Tips for Healthy Post-Partum Weight Loss

By Rosanne Rust, MS, RDN, LDN
Mom Jogging with Stroller

As if there weren't enough to think about with a new baby, many moms experience anxiety about losing pregnancy weight after childbirth. While women may be hard on themselves in a world of instant gratification and celebrity obsession, it's best to concentrate on planning for healthy post-partum weight loss.

Not surprisingly, prevention is the best strategy for weight control. Mothers still in the planning stages should strive to gain a healthy amount of weight during pregnancy (25 to 35 pounds), making it a little easier to rebound post-partum.

The first several months post-partum, however, is not the ideal time for a drastic weight-loss program. "The first month after pregnancy is really a time of recovery and rebuilding the body from the trauma of childbirth," says Tara Gidus, MS, registered dietitian and author. "Stay hydrated, drink plenty of water and eat protein to keep you satisfied and to assist in repairing those cells."

The most healthful and sustainable strategy to return to pre-pregnancy weight is by making gradual, permanent changes in eating habits.

Choosing Right

As a new mom, or even if this isn't your first rodeo, you'll need plenty of energy to take care of baby. Choosing the right foods — fruits, vegetables, whole grains, lean protein and dairy — is especially important if you are breast-feeding. To ensure adequate milk supply, you'll need to meet your energy needs and include essential nutrients. For most post-partum women, calorie intake should be in the 1,800 to 2,200 range, and Gidus recommends an extra 300 to 400 calories more per day while lactating, depending on how much milk you are producing. "Breast milk is also high in fat content, and the fat often comes from maternal stores that were added during pregnancy," says Gidus. Consider this a bonus when it comes to shedding pounds post-partum!

Rather than count calories, focus on choosing foods that are nutrient-rich. If you find yourself losing more than a pound per week, you probably should add a few nutritious calories into your diet. If you gained more than 35 pounds during your pregnancy, it may take up to a year or more to bounce back, but you can do it!

6 Tips for Mom's Healthy Meal Plan

  • Don't skip meals.
  • Drink at least 6 to 8 glasses of water. If breast-feeding, get into the habit of filling a tall glass of water to keep with you all day.
  • You need 1,000 milligrams of calcium daily. You can get this easily by consuming three servings of low-fat or fat-free dairy throughout the day.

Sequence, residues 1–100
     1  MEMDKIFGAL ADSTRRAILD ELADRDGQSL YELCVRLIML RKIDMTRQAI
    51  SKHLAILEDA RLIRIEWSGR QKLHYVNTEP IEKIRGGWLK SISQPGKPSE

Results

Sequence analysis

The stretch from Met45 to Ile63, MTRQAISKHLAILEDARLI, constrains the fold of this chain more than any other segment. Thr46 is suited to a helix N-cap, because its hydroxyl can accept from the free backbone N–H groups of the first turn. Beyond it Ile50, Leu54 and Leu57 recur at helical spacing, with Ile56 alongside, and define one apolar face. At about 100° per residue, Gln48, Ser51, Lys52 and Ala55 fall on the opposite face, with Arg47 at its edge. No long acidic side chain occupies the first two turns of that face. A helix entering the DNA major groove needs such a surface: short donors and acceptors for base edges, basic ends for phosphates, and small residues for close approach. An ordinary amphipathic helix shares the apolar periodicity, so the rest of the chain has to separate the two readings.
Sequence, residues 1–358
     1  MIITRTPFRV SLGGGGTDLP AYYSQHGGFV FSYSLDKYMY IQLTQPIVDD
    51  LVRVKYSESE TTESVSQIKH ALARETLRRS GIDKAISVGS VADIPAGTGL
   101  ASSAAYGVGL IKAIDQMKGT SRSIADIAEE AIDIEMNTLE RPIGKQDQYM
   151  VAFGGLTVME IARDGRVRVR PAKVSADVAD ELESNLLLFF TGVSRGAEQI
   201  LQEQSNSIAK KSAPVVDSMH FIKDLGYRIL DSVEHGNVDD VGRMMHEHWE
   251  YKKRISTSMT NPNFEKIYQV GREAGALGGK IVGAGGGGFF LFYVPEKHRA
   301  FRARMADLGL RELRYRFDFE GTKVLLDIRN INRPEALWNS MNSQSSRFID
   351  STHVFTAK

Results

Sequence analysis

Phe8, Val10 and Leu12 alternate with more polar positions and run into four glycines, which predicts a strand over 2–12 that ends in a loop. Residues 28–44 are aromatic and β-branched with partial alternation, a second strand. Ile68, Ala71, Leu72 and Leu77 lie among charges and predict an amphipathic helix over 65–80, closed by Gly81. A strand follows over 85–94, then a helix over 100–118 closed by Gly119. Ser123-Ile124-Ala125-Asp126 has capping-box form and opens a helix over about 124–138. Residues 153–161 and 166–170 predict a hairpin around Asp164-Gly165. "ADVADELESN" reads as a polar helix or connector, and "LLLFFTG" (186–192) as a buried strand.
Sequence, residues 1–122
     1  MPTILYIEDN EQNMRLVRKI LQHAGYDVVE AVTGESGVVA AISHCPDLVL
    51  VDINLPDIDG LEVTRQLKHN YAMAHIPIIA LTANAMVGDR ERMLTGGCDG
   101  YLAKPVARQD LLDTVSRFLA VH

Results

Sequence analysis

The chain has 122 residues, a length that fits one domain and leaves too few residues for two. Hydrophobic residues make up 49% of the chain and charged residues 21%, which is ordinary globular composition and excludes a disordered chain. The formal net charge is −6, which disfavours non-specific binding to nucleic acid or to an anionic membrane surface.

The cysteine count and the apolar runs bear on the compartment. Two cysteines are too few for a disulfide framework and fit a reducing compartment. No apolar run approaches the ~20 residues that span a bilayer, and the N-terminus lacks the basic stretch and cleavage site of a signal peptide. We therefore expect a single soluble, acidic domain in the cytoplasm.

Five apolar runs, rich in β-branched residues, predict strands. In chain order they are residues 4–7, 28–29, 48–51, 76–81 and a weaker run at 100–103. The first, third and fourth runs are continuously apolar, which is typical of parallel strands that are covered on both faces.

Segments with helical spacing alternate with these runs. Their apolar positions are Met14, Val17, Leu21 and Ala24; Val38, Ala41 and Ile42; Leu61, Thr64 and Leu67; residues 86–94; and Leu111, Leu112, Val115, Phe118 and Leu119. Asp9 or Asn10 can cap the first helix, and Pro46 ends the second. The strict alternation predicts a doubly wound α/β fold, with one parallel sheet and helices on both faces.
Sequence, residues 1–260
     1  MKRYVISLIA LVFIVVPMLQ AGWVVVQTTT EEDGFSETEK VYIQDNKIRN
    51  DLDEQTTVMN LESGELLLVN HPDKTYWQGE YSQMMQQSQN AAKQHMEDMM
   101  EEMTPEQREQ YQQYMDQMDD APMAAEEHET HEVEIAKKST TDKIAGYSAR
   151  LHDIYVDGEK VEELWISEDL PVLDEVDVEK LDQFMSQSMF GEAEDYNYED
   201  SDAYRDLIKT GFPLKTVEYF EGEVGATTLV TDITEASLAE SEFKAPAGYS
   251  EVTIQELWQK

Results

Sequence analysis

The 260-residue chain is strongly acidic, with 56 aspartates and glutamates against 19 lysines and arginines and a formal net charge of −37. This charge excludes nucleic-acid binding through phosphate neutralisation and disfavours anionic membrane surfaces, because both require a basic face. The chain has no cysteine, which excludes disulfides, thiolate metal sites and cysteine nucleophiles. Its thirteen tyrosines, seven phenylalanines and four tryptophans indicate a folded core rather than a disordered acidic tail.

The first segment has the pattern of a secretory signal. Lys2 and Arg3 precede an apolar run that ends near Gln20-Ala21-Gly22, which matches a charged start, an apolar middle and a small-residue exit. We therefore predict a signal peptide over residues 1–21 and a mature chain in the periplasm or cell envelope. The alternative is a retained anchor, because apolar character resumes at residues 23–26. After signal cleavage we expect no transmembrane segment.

• Consume at least 2 cups of fruits and 2½ cups of vegetables.
  • Include protein at each meal.
  • Plan healthy snacks (fresh fruit, nuts, Greek yogurt with granola, hummus with vegetables, or a protein bar).

Getting Back to Exercising

Katie Serbinski, MS, RD, tells her clients that the weight will come off, but baby's health and nutrition should be the priority. "Establish a breast-feeding or bottle feeding schedule before thinking about a weight loss plan," she says. Serbinski also recommends waiting until the baby is 6 to 8 weeks old before beginning to work out regularly. At that point, walking may be the perfect post-partum activity because it's easy to do, not strenuous and can include baby. You can incorporate weightlifting or a resistance routine (such as yoga or using exercise bands) once you lose your initial weight and your baby is a little older, but to start, aim for a daily 2- to 4-mile walk with your baby and stroller.

Avoiding Weight Loss Fads

After bringing your baby home from the hospital, it's easy to slip into the "I want to lose weight fast!" mentality. Some quick weight loss plans may be tempting as you stand (often sleep-deprived) in the grocery store check-out line and see images of thin celebrity moms on magazine covers.

Say no to these fad diets:

  • Baby Food Diet. You guessed it — this diet encourages mom to join baby with pureed baby food for breakfast and lunch (14 servings), and then a sensible dinner. This fad diet lacks important adult nutrients, including adequate amounts of fiber and fat, and is not healthy or sustainable.
  • Mono diet. This involves eating the same exact foods every day, or only eating one food for all meals in a single day. Not only will this deprive mothers of important nutrients, but also will likely result in a diet that is too low in protein and calories, so weight loss likely will be a loss of muscle mass.
  • The OMG Diet. This fad diet encourages intake of any kind of carbohydrate (which is too simplistic and unbalanced) and discourages exercise, breakfast and certain fruits. Any very low-calorie diet — 1,200 calories or less — that requires liquid meals and is very restrictive is a bad idea.

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